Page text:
Sometimes a solution to a problem can be right at your fingertips. That was certainly the case for Nancy Lublin, who realised the best way to communicate with teenagers in need was to speak their language – texts.
Nancy Lublin came to our Virgin Unite Disrupting for Good Leadership gathering and spoke to the group recently; it was inspiring to hear her talk about her journey. She has always had an entrepreneurial spirit and desire to make positive change in the world. She turned a $5,000 inheritance into Dress for Success, which helps women transition from welfare to work in more than 125 cities in 15 countries. Next, she became CEO of DoSomething.org, the largest organization for teens and social change in the world.
But she didn’t stop there. Nancy decided to create her third company, Crisis Text Line - the first 24/7, free, nationwide text line for US teens. She got in touch with me asking for help introducing her to telecoms companies, who could waive the new charity's fees and remove them from billing statements. I was of course more than happy to help.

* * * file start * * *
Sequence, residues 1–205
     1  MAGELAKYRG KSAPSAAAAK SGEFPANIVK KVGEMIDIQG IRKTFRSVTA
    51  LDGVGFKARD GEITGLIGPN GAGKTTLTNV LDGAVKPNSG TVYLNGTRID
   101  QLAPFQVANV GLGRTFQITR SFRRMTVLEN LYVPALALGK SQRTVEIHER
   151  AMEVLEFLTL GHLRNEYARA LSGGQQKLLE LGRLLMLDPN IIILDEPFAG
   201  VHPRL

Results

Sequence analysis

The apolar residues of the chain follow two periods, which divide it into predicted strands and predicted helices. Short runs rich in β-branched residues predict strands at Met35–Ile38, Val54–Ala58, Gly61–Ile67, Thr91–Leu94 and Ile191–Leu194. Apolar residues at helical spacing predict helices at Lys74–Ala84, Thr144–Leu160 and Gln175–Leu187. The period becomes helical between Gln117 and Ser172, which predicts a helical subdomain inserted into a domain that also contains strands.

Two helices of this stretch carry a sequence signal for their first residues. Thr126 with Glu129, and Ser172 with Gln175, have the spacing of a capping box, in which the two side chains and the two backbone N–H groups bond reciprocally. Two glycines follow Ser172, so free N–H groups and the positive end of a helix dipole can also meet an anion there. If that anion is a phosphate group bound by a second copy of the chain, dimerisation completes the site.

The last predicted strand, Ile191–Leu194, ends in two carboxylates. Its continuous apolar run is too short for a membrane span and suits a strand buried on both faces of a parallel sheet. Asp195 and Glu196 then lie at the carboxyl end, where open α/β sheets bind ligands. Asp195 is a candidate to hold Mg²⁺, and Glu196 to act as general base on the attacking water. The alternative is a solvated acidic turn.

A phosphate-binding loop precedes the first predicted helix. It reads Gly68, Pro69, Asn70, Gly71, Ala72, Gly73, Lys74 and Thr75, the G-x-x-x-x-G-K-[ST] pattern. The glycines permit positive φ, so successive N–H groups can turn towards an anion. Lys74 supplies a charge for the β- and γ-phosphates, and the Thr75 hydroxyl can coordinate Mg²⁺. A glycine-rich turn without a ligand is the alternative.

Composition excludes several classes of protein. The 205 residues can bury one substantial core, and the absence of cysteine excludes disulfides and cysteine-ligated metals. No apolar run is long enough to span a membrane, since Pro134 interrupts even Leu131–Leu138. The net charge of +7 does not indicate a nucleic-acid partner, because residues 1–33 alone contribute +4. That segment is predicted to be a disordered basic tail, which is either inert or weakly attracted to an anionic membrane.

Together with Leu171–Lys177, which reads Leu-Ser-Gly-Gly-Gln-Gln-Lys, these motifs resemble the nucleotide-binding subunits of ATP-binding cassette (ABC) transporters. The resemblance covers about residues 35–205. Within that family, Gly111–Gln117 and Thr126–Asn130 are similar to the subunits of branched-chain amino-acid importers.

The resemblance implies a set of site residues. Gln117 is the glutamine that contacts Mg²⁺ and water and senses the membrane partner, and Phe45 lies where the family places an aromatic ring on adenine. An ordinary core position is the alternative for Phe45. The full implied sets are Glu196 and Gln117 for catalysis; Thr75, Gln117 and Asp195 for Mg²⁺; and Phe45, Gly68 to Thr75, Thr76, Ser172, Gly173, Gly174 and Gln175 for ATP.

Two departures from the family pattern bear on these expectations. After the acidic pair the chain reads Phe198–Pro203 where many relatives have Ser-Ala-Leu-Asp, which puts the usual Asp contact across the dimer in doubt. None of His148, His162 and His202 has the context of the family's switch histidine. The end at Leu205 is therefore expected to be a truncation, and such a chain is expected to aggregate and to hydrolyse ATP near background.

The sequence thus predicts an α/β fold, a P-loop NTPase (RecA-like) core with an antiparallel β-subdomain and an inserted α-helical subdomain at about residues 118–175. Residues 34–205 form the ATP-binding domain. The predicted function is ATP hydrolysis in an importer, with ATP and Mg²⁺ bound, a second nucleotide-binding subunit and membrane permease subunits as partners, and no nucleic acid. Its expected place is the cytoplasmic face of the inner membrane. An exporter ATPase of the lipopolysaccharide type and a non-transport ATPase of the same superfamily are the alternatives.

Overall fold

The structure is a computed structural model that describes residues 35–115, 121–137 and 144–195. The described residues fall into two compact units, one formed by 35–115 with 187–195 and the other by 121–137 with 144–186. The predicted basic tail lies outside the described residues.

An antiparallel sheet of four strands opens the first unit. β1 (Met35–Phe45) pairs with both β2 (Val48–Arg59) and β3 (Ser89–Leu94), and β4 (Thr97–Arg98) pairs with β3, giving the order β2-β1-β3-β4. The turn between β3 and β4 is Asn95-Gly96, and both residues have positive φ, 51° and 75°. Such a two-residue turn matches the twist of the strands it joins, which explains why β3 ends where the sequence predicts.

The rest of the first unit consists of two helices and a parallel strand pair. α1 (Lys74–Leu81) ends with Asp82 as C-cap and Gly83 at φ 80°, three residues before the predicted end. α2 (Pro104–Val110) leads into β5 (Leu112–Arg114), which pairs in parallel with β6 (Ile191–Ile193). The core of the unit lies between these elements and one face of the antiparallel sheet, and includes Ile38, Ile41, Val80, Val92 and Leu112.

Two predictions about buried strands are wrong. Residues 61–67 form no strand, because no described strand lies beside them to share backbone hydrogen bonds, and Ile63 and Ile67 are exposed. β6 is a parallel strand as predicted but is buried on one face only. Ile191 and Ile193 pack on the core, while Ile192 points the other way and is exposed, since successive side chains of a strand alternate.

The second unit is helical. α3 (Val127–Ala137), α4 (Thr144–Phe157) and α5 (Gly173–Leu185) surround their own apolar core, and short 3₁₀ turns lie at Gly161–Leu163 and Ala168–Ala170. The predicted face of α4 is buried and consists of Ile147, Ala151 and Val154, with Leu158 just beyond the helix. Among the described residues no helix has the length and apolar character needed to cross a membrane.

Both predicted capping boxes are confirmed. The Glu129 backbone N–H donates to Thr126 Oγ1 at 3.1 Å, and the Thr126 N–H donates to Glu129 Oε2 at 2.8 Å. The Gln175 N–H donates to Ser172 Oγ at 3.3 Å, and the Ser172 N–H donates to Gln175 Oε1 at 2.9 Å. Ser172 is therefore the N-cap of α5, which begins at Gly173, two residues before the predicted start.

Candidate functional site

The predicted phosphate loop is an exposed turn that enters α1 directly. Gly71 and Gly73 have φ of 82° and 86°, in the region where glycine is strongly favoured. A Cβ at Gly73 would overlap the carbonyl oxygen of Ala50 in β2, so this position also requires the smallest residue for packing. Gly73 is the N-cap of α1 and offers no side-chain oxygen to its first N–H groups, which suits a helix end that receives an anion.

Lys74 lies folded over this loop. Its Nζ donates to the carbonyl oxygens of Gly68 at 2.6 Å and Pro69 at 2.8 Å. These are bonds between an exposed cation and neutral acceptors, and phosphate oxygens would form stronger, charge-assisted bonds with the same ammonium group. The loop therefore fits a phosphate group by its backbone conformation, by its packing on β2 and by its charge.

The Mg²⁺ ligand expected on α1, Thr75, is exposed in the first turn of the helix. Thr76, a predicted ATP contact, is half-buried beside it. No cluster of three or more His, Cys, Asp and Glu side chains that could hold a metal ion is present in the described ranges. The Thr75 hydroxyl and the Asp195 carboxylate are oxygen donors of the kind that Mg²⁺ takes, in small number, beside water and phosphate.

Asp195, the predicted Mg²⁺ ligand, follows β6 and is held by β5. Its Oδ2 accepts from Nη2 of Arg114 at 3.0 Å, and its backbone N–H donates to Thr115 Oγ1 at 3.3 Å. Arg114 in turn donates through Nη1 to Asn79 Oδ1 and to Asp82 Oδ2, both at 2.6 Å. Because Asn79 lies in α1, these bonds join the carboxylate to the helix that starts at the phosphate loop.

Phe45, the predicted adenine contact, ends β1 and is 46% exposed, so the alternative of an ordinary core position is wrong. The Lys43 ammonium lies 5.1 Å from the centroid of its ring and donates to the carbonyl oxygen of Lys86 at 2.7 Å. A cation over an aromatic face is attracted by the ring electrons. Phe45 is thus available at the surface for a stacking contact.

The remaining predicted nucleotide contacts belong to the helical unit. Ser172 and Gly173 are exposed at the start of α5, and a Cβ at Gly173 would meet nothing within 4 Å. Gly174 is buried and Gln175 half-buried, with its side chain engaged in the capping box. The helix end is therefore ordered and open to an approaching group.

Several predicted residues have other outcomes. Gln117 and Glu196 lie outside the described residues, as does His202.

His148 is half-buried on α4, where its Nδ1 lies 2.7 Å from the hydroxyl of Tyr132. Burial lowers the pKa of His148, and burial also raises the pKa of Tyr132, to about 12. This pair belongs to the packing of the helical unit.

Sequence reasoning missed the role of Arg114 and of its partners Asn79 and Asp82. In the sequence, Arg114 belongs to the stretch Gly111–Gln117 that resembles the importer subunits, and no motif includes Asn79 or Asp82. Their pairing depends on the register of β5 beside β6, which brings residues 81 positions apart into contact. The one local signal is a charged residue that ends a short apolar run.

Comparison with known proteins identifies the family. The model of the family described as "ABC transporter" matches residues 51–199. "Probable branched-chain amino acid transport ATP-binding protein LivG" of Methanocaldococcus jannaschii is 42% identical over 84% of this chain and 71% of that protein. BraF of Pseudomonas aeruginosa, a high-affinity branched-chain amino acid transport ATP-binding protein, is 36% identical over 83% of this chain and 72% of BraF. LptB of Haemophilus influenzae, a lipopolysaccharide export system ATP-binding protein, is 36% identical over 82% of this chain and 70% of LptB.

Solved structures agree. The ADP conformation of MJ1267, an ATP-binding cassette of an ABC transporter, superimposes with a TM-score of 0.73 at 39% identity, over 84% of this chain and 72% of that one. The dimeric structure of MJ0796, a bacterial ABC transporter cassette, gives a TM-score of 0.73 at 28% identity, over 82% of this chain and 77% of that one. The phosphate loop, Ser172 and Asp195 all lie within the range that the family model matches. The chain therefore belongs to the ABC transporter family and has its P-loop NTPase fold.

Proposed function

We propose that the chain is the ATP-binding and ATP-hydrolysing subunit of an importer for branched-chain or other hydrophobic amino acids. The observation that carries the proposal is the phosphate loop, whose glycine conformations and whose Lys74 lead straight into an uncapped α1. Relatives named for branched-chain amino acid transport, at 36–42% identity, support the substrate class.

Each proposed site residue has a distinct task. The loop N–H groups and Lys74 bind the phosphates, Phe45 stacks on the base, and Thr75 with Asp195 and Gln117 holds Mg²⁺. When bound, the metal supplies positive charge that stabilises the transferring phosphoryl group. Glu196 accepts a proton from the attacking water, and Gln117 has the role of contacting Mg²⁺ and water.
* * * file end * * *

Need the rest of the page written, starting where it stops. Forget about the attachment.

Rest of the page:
Verizon, Sprint, T-Mobile and AT&T all agreed to waive charges for sending messages to the hotline, as well as the charges for the hotline itself. What’s more, they agreed to ensure texts don’t show up on billing records, protecting people from potentially alerting abusive spouses or family members. The goodwill of the mobile companies will save Crisis Text Line hundreds of thousands of dollars – as well as improve safety for texters.
Crisis Text Line, now handles more than 20,000 messages from teenagers in distress every day and has processed more than seven million messages. Also, while they thought it would just be for teens, they are helping people of all ages. As they simply put it: “Our crisis counsellors practice active listening to help people in crisis move from a hot moment to a cool calm – all through a medium they know and trust: text.”
Nancy recently got in touch with a particularly moving message. One of the telecoms executives I had put her in touch asked their teenage children if they had heard of Crisis Text Line. One of them replied that she actually used the service a few months earlier when she was feeling particularly stressed out about school.